The EU said Sunday it was “appalled” by reports of more than 1,000 people killed this month in Sudan’s West Darfur in an apparent “ethnic cleansing campaign “by the paramilitary Rapid Support Forces (RSF).
“These latest atrocities are seemingly part of a wider ethnic cleansing campaign conducted by the RSF with the aim to eradicate the non-Arab Masalit community from West Darfur, and comes on top of the first wave of large violence in June,” EU foreign policy chief Josep Borrell said in a statement.
Since April, forces loyal to army chief Abdel Fattah al-Burhan — Sudan’s de facto head of state — have been at war with the RSF commanded by his former deputy, Mohamed Hamdan Daglo.
The European Union statement said there were “credible eyewitness reports (that) more than a thousand members of the Masalit community were killed in Ardamta, West Darfur, in just over two days, during major attacks carried out by the Rapid Support Forces (RSF) and its affiliated militias”.
The toll was higher than a previous one of 800 given by the UN refugee agency (UNHCR), which said 100 shelters in a displaced persons’ camp in Ardamta had been razed.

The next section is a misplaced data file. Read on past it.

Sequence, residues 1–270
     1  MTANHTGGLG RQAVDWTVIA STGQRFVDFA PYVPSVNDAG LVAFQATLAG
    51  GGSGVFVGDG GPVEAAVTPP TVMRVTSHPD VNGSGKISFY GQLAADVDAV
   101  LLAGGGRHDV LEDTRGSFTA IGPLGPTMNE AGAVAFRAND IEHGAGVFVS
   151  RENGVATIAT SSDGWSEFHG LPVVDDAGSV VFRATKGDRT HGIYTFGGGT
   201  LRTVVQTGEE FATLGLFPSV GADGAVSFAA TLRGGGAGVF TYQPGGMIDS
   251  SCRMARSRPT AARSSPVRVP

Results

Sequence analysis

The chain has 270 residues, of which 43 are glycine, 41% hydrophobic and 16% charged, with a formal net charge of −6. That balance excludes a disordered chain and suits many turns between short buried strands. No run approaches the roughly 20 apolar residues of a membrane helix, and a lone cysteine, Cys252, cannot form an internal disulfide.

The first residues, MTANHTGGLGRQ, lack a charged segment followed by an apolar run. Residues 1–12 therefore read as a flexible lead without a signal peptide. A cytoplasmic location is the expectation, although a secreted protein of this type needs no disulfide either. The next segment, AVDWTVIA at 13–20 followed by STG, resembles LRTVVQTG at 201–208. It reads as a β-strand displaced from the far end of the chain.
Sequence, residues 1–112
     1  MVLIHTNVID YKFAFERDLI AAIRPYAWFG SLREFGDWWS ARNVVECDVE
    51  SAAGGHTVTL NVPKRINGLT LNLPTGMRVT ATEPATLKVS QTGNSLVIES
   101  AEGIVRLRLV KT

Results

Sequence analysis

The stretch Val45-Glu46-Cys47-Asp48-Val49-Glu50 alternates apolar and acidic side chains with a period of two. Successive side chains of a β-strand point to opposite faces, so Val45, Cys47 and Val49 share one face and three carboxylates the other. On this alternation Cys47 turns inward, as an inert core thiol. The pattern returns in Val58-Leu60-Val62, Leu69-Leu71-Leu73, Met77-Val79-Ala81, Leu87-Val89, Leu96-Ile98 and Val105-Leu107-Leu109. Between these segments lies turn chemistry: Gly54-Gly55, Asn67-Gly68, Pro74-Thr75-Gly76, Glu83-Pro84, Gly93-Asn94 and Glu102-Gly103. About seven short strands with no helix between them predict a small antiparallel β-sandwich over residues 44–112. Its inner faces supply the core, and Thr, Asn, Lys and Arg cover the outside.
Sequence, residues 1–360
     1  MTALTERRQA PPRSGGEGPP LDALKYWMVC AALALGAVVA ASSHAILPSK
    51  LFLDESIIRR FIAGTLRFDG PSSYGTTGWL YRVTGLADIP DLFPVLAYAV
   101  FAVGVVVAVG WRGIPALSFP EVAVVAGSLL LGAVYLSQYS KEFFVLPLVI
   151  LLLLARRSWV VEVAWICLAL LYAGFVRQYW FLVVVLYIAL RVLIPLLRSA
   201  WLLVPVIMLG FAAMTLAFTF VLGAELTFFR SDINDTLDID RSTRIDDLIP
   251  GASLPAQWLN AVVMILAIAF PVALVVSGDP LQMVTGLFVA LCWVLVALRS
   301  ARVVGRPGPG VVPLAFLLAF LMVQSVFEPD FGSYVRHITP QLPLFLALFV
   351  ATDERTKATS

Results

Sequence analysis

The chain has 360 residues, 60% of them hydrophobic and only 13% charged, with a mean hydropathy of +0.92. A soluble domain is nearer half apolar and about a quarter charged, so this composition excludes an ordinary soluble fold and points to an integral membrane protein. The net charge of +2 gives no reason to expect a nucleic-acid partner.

“What is happening is verging on pure evil,” the UN humanitarian coordinator for Sudan, Clementine Nkweta-Salami, said Friday, citing reports of young girls being raped in front of their mothers.
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She voiced fears of a repeat of the genocide campaign that gripped Darfur in the early 2000s.
The EU stressed that Sudan’s warring sides “have a duty to protect citizens”. It said it was working with the International Criminal Court to document violations “to ensure accountability”.
“The international community cannot turn a blind eye on what is happening in Darfur and allow another genocide to happen in this region,” it said.
More than 10,000 people have been killed in the Sudan conflict so far, according to a conservative estimate by the Armed Conflict Location & Event Data project.
The war has displaced more than 4.8 million people within Sudan and has forced a further 1.2 million to flee into neighbouring countries, according to UN figures.